Rutgers University Law Review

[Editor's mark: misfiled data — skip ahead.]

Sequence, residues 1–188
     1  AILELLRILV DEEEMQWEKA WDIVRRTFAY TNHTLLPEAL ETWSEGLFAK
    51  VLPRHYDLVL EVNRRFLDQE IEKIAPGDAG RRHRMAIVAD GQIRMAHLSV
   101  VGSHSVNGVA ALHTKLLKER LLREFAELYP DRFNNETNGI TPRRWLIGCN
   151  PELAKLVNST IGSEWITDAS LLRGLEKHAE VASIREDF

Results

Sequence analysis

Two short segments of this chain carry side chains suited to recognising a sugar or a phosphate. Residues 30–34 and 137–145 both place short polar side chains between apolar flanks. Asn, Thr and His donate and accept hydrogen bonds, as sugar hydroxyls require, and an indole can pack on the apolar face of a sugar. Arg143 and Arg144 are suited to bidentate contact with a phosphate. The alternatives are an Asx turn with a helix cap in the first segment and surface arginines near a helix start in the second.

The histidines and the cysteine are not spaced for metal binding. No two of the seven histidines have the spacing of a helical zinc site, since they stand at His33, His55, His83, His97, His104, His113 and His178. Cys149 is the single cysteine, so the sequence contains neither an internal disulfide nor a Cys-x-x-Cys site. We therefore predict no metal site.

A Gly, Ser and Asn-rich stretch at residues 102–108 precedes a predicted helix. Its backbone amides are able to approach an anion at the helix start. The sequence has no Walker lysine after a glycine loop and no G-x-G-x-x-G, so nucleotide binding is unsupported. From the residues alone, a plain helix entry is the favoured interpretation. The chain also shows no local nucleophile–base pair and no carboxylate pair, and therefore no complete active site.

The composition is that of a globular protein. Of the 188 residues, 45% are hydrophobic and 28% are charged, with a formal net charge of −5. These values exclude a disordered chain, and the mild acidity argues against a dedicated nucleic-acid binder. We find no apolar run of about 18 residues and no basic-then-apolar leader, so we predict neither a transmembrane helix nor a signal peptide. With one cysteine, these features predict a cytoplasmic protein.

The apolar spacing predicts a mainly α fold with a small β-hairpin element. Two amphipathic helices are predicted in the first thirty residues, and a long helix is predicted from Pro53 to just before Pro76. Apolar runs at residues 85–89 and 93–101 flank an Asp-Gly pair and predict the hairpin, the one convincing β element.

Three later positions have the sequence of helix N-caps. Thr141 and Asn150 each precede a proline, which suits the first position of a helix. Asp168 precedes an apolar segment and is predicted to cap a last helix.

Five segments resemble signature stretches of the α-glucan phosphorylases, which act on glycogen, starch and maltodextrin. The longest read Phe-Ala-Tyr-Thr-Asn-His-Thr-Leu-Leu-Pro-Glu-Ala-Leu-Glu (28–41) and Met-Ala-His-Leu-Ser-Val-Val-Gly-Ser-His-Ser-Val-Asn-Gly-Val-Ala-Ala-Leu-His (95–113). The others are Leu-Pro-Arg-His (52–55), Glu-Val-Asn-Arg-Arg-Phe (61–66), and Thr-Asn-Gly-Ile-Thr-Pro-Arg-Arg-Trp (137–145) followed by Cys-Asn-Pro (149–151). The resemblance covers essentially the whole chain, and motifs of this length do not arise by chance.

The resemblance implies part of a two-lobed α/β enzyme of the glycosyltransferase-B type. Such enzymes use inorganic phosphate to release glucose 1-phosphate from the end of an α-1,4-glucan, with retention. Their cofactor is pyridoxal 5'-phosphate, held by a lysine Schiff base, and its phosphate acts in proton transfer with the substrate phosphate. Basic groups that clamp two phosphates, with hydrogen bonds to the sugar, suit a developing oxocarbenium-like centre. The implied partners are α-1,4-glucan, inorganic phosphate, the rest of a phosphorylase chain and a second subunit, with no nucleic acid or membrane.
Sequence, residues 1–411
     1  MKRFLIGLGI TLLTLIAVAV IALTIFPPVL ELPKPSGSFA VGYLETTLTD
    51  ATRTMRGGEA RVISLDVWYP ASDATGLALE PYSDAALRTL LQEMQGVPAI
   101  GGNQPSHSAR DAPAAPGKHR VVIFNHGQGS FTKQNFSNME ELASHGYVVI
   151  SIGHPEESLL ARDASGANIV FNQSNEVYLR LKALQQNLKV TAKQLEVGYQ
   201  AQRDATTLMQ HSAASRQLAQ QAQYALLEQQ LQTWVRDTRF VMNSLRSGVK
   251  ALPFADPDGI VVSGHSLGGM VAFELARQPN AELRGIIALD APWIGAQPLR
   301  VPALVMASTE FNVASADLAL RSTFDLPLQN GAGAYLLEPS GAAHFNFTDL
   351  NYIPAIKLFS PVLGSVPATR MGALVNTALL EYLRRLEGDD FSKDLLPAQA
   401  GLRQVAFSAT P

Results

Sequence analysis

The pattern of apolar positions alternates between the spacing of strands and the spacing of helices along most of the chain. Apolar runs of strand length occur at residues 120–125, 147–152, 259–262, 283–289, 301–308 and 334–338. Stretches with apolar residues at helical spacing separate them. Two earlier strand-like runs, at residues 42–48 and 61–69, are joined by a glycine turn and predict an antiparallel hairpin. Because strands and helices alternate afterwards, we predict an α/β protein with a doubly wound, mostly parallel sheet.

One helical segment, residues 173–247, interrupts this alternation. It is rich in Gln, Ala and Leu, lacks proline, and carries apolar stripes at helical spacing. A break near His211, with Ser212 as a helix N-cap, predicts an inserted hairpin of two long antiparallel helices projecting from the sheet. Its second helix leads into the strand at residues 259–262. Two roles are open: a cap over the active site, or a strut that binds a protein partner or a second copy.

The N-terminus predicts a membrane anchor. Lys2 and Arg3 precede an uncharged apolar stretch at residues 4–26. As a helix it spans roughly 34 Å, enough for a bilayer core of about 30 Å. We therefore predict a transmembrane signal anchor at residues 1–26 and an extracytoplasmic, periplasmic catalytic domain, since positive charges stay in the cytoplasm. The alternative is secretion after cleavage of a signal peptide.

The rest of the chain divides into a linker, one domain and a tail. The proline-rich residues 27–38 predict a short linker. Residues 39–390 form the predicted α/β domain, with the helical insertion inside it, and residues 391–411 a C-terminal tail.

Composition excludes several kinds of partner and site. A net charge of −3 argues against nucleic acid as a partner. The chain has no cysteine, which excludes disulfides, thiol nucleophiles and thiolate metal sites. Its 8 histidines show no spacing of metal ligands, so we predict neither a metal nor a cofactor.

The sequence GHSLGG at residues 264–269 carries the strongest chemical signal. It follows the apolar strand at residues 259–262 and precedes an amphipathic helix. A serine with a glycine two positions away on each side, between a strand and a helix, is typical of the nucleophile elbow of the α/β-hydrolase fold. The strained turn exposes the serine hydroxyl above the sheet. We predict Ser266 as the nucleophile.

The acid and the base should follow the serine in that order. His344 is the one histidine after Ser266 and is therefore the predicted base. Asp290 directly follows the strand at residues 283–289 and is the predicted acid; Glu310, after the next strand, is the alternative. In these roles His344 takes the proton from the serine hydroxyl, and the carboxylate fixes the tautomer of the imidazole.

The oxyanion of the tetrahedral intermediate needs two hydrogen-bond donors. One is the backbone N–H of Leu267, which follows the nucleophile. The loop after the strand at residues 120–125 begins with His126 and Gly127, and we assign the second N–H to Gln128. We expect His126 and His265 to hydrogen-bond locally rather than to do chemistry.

This essay considers the collective strength of women of color in two contexts: when we are well represented on law school faculties and when we contribute to accomplishing stated institutional diversity goals. Critical mass is broadly defined as a sufficient number of people of color. Though the concept has been socially appropriated, its origins are scientific. While much of the academic literature encourages diversity initiatives designed to reach a critical mass, social change is not a science. Diversity in numbers may positively benefit individual experiences for women of color, however, diversity alone will not change social norms at the root of inequities for women of color in the legal academy. This critique of structural diversity is especially true of diversity initiatives that operate as barriers to diversity and structural change. First, I address the perceived benefits and potential shortcomings of obtaining a critical mass of women of color on law school faculties. Then, I examine barriers to diversity and structural change like diversity ideology and hiring policies that are racist. Finally, I examine the role of women of color in diversifying law school faculties.